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Young, Cissna make last pitch in House race

Posted: November 6, 2012 - 1:09am
Democratic state Rep. Sharon Cissna, left, listens to a question during her debate with U.S. Rep. Don Young on Monday, Nov. 5, 2012, in Anchorage, Alaska. Young, a Republican, is seeking a 21st term as Alaska's lone U.S. House member. Cissna is his Democratic challenger. (AP Photo/Becky Bohrer)  Becky Bohrer
Becky Bohrer
Democratic state Rep. Sharon Cissna, left, listens to a question during her debate with U.S. Rep. Don Young on Monday, Nov. 5, 2012, in Anchorage, Alaska. Young, a Republican, is seeking a 21st term as Alaska's lone U.S. House member. Cissna is his Democratic challenger. (AP Photo/Becky Bohrer)

ANCHORAGE — The candidates for Alaska’s lone U.S. House seat made one last pitch for the job on Monday, with U.S. Rep. Don Young saying opponent Sharon Cissna can’t do anything that he’s been able to do.

Young touted his seniority during an Anchorage Chamber of Commerce forum, and said he’s already planning to run again in 2014.

Young is seeking re-election to a 21st term on Tuesday. If he wins, Young, 79, would be poised to become the longest-serving member of Alaska’s congressional delegation, edging out the late Ted Stevens, who served 40 years in the U.S. Senate.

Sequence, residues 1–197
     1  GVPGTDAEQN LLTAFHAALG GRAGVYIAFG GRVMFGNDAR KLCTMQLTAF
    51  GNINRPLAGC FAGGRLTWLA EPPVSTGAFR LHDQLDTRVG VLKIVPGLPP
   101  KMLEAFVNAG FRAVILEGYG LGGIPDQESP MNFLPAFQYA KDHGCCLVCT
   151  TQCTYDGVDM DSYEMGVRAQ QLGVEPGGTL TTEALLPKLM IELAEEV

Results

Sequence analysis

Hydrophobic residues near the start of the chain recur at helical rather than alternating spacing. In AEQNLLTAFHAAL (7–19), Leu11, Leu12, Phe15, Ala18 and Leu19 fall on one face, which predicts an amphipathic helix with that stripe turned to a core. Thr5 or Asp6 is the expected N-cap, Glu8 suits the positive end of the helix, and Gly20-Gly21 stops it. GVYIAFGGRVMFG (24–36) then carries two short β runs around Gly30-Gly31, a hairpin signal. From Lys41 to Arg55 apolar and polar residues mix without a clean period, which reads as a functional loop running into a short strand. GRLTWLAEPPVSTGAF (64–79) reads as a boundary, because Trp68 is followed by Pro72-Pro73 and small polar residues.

Cissna, a Democratic state representative from Anchorage, best known for her fight against the Transportation Security Administration, billed herself as an alternative to Young.

During question-and-answer periods Monday, she talked about making changes to the federal health care law, while Young called for its repeal, saying it’s unfixable. Cissna, 70, also said she doesn’t support opening the Arctic National Wildlife Refuge to oil and gas development, something Young staunchly supports.

The soft-spoken Cissna said she’s someone who is willing to work across party lines and is capable of bringing people together to look for solutions. Young said, with “all due respect,” he’s been doing that for 40 years but he said he will “force the issue for Alaska every time. He asked those in attendance to consider his record.

“I’m good at what I do,” he said. “She can’t do anything I’ve been able to do. She’s a freshman. So just remember that as you go to the polls.”

Both agreed with the need for strong military bases in Alaska, and said energy concerns were the main issue facing rural Alaska.

Young said climate change may be occurring but he didn’t believe it was man’s fault or responsibility. He also said it is a “myth” that polar bears are endangered.

Young last year introduced legislation to delist polar bears as a threatened species.

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